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KEY CONCEPTS

KEY CONCEPTS

  • image Patients with psychiatric conditions are treated in all healthcare settings. All clinicians should apply the basic principles of the psychiatric assessment to provide the best care.

  • image The Diagnostic and Statistical Manual of Mental Disorders, Fifth Edition (DSM-5) and the Pocket Guide to the DSM-5 Diagnostic Exam provides clinicians with a standardized approach for the initial assessment and follow-up of patients with psychiatric conditions.

  • image The World Health Organization’s International Classification of Diseases and Related Health Problems (ICD) classification is currently used in all patient care settings for billing purposes.

  • image Clinicians should be prepared to gather both psychiatric and physical health histories from their patients. Obtaining a release of information (ROI) from patients to communicate with other healthcare providers or significant others is often necessary when sharing protected health information (PHI).

  • image Patient interviews should be conducted in an atmosphere that ensures the comfort and privacy of both the patient and the clinician. Effective listening skills and the application of open-ended questions are essential in the interview process and for building a therapeutic relationship. Motivational interviewing can empower patients to participate and help design achievable treatment goals.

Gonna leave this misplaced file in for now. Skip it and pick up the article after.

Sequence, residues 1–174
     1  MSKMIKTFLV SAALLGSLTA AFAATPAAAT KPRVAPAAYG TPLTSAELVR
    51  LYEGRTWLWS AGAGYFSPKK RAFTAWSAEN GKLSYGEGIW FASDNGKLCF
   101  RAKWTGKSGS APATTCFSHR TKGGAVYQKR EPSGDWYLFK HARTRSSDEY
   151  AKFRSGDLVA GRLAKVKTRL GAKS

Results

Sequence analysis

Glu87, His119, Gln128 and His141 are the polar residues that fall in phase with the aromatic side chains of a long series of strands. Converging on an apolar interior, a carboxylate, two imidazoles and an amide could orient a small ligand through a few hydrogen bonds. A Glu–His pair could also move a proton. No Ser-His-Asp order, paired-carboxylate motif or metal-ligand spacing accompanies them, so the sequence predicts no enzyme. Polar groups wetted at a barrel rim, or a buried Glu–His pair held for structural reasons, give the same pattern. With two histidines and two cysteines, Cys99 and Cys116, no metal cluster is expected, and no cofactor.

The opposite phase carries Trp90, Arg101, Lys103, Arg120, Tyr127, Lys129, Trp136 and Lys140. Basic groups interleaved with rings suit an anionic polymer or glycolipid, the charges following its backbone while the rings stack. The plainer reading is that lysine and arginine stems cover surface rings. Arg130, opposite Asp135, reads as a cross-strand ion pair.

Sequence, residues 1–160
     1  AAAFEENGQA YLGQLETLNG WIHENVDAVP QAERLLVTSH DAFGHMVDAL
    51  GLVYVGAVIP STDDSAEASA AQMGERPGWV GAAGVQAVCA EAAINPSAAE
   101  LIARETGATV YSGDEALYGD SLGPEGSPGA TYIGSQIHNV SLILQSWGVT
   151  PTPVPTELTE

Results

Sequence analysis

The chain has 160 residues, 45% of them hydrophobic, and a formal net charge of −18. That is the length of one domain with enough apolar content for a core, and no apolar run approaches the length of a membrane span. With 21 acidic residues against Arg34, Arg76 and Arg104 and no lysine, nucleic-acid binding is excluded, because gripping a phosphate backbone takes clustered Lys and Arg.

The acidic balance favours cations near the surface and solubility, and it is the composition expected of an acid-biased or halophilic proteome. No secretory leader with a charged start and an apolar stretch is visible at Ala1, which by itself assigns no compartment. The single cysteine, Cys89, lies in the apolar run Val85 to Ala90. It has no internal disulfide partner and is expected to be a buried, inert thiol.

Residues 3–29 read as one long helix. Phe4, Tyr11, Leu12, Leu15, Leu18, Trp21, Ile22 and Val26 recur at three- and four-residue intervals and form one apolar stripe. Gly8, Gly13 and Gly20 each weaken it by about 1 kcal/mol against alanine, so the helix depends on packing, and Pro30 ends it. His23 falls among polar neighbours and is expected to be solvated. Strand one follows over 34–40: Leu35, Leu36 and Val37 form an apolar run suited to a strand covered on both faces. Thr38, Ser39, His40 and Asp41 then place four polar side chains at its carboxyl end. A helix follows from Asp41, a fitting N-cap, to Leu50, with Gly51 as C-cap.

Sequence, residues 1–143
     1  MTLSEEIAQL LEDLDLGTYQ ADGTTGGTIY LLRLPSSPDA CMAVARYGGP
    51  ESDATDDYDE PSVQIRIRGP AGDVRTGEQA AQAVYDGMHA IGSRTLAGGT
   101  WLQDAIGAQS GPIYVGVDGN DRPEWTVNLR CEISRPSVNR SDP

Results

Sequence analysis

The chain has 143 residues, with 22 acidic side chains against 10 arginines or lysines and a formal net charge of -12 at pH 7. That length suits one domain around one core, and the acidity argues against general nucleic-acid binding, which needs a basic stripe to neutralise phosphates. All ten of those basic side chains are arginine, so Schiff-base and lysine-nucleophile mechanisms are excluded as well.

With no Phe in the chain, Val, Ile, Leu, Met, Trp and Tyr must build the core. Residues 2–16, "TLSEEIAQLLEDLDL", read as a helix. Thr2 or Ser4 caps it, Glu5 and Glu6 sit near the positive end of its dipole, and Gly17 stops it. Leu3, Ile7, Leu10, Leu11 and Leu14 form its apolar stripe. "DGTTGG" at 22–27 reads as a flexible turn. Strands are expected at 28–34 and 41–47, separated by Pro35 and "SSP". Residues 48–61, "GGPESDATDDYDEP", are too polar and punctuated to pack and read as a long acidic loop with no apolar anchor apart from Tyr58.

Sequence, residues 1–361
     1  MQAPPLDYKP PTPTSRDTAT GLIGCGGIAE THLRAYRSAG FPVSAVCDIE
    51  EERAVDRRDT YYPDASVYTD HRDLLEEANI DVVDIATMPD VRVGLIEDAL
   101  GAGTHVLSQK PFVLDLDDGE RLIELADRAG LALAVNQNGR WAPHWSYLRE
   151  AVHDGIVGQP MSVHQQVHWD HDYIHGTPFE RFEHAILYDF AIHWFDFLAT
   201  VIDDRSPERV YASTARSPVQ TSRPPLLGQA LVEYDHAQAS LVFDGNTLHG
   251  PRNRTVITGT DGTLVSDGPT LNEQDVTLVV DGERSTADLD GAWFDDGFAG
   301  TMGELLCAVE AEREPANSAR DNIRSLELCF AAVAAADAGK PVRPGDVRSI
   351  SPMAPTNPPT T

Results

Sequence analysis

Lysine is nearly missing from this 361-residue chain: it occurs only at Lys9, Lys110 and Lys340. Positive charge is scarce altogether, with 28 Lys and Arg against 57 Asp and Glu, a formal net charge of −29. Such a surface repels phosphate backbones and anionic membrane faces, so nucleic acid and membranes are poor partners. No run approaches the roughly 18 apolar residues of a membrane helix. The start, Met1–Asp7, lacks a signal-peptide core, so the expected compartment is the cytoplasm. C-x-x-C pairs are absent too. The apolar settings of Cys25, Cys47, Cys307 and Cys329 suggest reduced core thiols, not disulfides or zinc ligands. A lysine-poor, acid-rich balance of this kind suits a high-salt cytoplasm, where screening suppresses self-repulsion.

• image If a patient is in crisis, the clinician may feel some apprehension about asking certain assessment questions. Knowing what specific questions to ask can help facilitate inquiry about sensitive areas, such as delusional thinking and suicidality.

  • image Current and past medication histories, including allergies, adverse effects, and clinical response are cornerstones of effective medication management. The medication history should be assessed for safety (eg, contraindications and medication interactions), tolerability (eg, adverse effects), efficacy (eg, response of target symptoms and adequate dosage and duration), and adherence (eg, affordability and the ability to take medications as prescribed).

  • image Baseline mental status examination (MSE), psychiatric rating scales, and psychological/neuropsychological tests are useful tools in diagnosing and monitoring the severity of symptoms and response to treatments of psychiatric disorders.

  • image Although there are no diagnostic tests for psychiatric disorders, physical and laboratory assessments can help rule out substances, medications, or medical conditions that may produce similar or overlapping symptoms.

  • image Psychiatric rating scales, cognitive testing, and psychological testing provide objective measures of psychiatric symptoms, adverse effects, memory, and intellectual capacity and are often used in research and clinical settings.

BEYOND THE BOOK

BEYOND THE BOOK

Watch the following videos to learn about the mental status examination (MSE) and build your knowledge of the MSE which is an assessment commonly used in psychiatry. The “Objective” component of the S.O.A.P. acronym S (Subjective), O (Objective), A (Assessment), and P (Plan) is used to describe the physical examination in the field of medicine. In contrast, psychiatry uses the MSE as the “Objective” component to describe the patient’s appearance, concentration, thoughts, and feelings. Understanding the MSE can help you identify target symptoms for psychiatric pharmacotherapy. Try completing a practice MSE on a simulated patient.

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